Several scientists wrote a letter to the U.S. Fish and Wildlife Services cautioning that vital information is missing from DNR wolf slaughter statistics.
Stepp booted several important scientists from her WAC that could have prevented vital information from being left out of DNR wolf slaughter Statistics in the first place.
Oh, but wait there’s more.
Now Stepp wants the DNR to find out if dogs are really killing wolves in the woods. So listen to this, Stepp’s solution is (to paraphrase) to ask wolf hunters to let federal wildlife officials watch them skin their wolf.
This latest blow for the health of Wisconsin wolf population makes it apparent Stepp’s leadership skills are below standards, to the point of a complete loss of ethics. The Oxford dictionary defines ‘ethics’ as ‘A branch of knowledge that deals with moral principles.’
The western schools of ethics break it down into three concepts or codes. The first being virtues such as justice for one. Then the second is duty such as morality. Thirdly that the principle of conduct for the benefit of the greatest number.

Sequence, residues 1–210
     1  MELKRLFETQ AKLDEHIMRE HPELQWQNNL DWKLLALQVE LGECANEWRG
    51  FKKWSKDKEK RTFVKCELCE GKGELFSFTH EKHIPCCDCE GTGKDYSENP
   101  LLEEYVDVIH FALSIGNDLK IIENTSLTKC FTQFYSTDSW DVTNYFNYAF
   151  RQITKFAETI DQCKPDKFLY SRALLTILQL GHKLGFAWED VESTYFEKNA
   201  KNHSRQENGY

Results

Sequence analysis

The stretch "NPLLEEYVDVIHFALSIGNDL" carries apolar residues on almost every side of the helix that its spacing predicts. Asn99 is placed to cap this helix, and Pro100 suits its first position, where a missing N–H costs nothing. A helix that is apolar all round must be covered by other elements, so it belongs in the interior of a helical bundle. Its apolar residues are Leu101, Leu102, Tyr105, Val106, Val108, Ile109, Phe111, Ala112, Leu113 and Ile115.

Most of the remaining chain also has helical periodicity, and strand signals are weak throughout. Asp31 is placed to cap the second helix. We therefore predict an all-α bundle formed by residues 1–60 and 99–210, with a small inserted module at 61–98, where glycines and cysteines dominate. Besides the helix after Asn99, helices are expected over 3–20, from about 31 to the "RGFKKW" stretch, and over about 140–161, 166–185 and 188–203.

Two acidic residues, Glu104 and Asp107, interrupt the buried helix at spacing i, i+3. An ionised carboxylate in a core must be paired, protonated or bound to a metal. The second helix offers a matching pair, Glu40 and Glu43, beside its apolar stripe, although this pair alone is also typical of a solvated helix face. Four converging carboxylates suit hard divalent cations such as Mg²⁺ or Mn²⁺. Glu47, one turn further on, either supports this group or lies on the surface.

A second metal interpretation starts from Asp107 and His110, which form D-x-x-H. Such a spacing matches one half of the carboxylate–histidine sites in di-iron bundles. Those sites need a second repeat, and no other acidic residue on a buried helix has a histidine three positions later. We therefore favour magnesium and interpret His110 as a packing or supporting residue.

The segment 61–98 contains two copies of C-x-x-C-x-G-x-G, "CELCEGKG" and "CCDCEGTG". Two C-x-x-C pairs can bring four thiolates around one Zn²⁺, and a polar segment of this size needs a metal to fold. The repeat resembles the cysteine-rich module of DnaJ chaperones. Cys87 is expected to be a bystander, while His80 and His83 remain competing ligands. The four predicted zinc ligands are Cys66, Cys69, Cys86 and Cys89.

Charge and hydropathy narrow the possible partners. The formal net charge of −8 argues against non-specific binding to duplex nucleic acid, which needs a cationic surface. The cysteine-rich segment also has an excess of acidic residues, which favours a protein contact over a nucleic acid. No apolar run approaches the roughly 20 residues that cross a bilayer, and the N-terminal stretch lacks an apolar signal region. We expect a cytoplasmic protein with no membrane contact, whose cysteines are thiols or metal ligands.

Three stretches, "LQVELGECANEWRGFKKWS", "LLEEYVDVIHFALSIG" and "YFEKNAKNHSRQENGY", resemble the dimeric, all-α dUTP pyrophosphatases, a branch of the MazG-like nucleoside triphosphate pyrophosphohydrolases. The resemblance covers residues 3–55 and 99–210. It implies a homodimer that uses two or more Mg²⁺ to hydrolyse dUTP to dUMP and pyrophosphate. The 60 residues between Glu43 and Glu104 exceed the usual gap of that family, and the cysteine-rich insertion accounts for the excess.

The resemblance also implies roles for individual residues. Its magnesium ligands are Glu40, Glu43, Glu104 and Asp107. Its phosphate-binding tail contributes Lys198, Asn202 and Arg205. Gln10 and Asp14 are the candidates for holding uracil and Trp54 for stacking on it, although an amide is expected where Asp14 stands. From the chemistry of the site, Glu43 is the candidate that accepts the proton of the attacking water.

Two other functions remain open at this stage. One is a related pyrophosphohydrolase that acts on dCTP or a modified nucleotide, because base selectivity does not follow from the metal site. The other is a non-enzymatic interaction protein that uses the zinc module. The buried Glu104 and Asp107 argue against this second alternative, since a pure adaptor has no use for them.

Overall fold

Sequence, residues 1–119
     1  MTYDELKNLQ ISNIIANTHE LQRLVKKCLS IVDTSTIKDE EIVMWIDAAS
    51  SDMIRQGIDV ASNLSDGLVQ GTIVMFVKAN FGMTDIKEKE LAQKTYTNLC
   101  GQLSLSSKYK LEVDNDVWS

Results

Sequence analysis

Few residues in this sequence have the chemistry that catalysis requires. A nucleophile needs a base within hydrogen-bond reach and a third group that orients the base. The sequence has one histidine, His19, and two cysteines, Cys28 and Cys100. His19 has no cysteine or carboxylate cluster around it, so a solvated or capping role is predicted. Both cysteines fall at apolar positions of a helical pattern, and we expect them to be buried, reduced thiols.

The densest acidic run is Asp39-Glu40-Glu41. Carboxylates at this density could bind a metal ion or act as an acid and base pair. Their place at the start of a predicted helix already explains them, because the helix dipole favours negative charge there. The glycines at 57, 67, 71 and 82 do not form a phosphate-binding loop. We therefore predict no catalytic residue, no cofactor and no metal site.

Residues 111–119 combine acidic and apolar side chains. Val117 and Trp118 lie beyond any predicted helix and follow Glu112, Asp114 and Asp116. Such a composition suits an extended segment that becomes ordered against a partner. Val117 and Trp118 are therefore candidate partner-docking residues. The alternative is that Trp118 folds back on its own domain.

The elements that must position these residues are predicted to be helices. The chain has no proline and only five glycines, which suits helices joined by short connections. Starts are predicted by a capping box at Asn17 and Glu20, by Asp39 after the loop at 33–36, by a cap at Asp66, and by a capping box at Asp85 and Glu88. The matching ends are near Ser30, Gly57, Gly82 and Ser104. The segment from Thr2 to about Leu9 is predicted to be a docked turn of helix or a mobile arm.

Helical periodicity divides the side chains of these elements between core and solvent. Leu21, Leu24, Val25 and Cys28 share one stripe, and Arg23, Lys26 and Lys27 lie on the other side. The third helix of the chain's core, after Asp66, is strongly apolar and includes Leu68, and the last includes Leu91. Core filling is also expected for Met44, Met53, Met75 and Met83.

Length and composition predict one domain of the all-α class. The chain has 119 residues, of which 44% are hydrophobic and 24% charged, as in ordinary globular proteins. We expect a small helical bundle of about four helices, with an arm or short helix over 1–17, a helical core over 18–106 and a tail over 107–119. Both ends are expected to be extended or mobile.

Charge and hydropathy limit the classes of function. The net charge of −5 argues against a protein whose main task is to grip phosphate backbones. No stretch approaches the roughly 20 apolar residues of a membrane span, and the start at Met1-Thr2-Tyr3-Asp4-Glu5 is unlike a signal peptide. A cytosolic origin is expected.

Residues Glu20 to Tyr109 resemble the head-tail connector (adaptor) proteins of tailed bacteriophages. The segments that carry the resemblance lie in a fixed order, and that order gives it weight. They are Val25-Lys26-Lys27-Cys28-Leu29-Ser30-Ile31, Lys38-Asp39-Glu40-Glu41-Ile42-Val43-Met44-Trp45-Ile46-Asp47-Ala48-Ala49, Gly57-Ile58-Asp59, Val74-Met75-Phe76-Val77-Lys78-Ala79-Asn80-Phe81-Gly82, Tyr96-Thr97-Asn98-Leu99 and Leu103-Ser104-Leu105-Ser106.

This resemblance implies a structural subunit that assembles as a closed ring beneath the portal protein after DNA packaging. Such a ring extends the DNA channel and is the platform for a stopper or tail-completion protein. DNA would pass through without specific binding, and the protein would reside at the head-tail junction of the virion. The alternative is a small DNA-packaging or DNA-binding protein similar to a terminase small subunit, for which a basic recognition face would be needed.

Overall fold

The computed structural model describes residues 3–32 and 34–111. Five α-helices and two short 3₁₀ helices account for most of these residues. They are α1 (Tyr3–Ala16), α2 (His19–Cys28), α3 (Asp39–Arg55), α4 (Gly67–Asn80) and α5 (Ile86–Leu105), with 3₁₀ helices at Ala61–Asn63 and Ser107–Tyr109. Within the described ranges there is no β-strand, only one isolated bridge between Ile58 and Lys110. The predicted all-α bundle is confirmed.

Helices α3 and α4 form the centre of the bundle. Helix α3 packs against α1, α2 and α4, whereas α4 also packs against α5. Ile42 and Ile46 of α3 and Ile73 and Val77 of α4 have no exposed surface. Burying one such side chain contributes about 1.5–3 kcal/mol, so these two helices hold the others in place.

We now have a DNR administration completely unable to monitor or enforce if dogs are killing wolves. It is illegal for hunting dogs to engage and kill wildlife. Remember that US Fish and Wildlife Services are supposedly monitoring how well DNR can manage its wolves. After all, wolves were extinct or extirpated from our woods a few short decades ago and certainly could happen again if not managed wisely.
Stepp’s WAC committee is run by citizen pro-wolf hunters that lack a moral compass. It is important to know that these fringe hunters are crafting this wolf hunt to suit their own agendas. Asking the wolf hunters to voluntarily submit to an inspection is outrageous and almost comical. Do you really think any hunter whose dogs just killed a wolf will volunteer for this sham?
This can be compared to asking a serial killer to volunteer to present his human kill to a medical examiner. Where is the professional conduct in this? Where is the justice for the illegally killed wolf/wolves?
The public perception is that dogs are killing wolves and that’s illegal. And rules to monitor this controversial method of hunting should have been in place for the first wolf hunt. We are now approaching the third wolf hunt season.
I’ve said it before and I’ll say it again, Stepp must resign for dereliction of duty, because she willfully refuses to carry out her duties as DNR Secretary.